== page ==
Women’s time is shared amongst a multiplicity of activities, for which production responsibilities (food, the availability of water and energy for home use) compete with the reproduction responsibilities (childbirth, caring for and raising children). The advent of industrial timber planting activities in these rural communities complicates the nutrition and caring role of women. “From a woman’s point of view my biggest problem is that of food. We were not used to buying food from the shops because where we come from we had fields for beans and mealies. There would even be fields for the following year’s crops. You would rotate the fields comfortably because there was enough land. We would buy machines and grind our own corn. We would never buy mealie meal. These are some of the things that remind us of where we are coming from.”

The timber industry has been fairly labeled as the ‘chief water thief’. The question of water and timber plantations is a very important one in a country like South Africa, where water is scarce and also very important for rural communities which were allocated land in the areas they were because the land was not good enough for European agriculture and settlement. In KwaZulu-Natal province, thirsty timber plantations are often situated high up in the water catchments, short-changing downstream water users. In rural community areas the loss of surface water has severely negative implications for people’s ability to survive. Plantations cause small springs, streams and ponds to disappear, and this forces people to move into ecologically sensitive marginal areas to find water for their livestock and vegetable gardening. Also, when water becomes scarce it is women who have to walk longer distances to fetch water. It is women who have to wake up much earlier to get water for the household.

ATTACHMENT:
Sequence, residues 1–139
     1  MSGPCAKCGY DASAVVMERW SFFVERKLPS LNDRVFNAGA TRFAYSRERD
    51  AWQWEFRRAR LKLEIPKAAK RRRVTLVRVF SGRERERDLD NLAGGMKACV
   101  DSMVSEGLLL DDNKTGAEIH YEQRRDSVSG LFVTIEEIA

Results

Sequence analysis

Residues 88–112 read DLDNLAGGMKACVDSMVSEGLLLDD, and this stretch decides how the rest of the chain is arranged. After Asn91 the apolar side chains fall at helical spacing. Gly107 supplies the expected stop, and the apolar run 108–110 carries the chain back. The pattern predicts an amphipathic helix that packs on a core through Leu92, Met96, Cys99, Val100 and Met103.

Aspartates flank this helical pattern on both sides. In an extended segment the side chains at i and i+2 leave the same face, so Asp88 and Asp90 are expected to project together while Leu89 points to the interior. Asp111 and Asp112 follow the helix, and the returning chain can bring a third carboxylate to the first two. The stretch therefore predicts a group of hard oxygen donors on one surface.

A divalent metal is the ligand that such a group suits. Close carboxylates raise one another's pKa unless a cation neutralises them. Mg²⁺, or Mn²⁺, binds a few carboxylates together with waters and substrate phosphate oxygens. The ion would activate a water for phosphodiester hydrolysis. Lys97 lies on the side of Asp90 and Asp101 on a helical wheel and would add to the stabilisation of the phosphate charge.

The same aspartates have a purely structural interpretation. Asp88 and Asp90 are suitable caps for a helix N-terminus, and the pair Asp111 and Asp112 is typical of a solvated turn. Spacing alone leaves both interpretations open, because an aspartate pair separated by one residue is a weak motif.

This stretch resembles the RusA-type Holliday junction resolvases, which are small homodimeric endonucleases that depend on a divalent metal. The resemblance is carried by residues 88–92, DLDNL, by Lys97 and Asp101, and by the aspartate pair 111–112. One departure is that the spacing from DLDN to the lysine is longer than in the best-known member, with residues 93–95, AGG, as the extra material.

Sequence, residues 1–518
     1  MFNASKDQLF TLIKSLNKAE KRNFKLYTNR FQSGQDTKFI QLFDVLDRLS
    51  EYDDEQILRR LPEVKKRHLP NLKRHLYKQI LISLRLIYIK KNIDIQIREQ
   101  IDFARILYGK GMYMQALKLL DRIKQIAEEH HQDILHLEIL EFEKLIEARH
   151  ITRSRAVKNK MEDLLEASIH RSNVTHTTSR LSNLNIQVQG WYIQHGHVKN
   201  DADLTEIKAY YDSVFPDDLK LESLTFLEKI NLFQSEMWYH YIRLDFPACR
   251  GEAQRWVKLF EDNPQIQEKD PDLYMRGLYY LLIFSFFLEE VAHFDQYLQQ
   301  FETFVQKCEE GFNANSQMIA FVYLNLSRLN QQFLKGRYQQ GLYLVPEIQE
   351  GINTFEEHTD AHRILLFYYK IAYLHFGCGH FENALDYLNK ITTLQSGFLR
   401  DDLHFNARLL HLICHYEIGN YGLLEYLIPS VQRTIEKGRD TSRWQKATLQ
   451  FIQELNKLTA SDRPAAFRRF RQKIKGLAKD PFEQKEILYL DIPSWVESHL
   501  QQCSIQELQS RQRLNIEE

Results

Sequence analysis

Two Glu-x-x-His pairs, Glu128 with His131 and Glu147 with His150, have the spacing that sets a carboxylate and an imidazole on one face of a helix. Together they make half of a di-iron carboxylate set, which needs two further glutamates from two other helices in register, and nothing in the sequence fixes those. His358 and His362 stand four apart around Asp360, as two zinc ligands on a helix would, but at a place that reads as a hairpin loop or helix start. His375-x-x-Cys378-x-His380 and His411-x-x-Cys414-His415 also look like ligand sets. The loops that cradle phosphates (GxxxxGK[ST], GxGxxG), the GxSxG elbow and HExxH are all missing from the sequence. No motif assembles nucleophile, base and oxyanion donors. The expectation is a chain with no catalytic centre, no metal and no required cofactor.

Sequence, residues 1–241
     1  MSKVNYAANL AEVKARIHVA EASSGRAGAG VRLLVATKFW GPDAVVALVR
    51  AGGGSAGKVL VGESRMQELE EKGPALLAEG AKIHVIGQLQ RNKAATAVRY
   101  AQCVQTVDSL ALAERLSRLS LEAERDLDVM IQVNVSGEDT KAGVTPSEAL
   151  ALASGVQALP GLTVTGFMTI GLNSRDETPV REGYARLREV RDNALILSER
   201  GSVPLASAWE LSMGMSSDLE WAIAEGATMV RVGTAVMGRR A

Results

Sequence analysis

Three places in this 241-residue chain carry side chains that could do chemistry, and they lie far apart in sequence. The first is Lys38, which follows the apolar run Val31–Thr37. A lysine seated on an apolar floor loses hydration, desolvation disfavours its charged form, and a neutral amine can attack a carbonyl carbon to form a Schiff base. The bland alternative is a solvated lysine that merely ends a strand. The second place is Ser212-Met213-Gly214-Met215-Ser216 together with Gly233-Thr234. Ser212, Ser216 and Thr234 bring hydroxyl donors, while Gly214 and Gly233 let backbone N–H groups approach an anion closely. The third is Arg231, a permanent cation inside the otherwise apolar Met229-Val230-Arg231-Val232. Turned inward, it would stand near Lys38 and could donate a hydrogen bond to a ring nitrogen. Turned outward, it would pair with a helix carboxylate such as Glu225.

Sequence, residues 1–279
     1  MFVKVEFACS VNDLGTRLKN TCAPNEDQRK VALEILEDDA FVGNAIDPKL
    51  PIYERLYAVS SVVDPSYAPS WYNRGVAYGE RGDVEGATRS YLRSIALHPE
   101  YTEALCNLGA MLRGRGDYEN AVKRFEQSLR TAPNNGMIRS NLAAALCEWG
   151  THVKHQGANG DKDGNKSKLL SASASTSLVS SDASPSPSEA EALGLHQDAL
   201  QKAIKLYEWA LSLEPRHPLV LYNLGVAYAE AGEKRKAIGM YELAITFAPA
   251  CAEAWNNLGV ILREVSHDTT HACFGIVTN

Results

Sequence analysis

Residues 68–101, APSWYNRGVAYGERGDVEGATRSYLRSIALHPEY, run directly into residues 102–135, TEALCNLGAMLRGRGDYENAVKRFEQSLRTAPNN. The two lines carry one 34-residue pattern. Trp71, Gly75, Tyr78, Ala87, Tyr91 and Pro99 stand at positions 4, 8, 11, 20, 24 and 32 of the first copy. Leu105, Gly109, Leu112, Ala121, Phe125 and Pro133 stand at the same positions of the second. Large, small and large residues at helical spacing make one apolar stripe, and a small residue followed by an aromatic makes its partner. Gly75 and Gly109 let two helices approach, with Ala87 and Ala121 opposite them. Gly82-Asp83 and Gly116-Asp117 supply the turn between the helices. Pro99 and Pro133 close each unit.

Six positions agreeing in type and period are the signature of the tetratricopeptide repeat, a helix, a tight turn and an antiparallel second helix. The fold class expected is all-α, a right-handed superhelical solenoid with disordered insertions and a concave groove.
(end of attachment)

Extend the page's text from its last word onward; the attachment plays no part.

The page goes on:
A senior woman in Sabokwe, Mrs Ziqubu, argued: “The thing is that we compete for water with these plantations. They use up a lot of water. I remember when we got here in 1996, the stream close to our garden was running perennially because the eucalyptus trees were not here. This piece of land from here to the road up there was grassland. The company feared that we would plant our crops and build our houses on that land so they quickly planted it to trees. Since then, water has become scarcer. The stream is drying up. The land, which we had to drain because it was swampy, has become very dry. We used to dig very small wells to water the reclaimed land. Now we have to dig deeper and we get the water from far away. Water for drinking has also equally become scarce. We also have to fetch water for our cattle, chickens and goats, besides the water for domestic consumption. This makes the work for women even harder. We have a co-operative garden run by women from this community which we fenced with assistance from the Department of Agriculture, yet we face big problems with watering it. We fetch water in buckets on our heads – and the women’s garden project involves very old women. This is not a way to live and do business. The problem of water is as crucial as the access to land itself. You may get land, but without water there is very little one can do with the land. So we are here in the middle of a desert created by the plantation industry. To think that they do not even assist with drilling of boreholes, construction of windmills or other such water technology. This is why I said earlier that we are left to pay for the costs of these unconsidered impacts of the industry.”

Excerpted and adapted from: A Study of the Social and Economic Impacts of Industrial Tree Plantations in the KwaZulu-Natal Province of South Africa, John Blessing Karumbidza, WRM, December 2005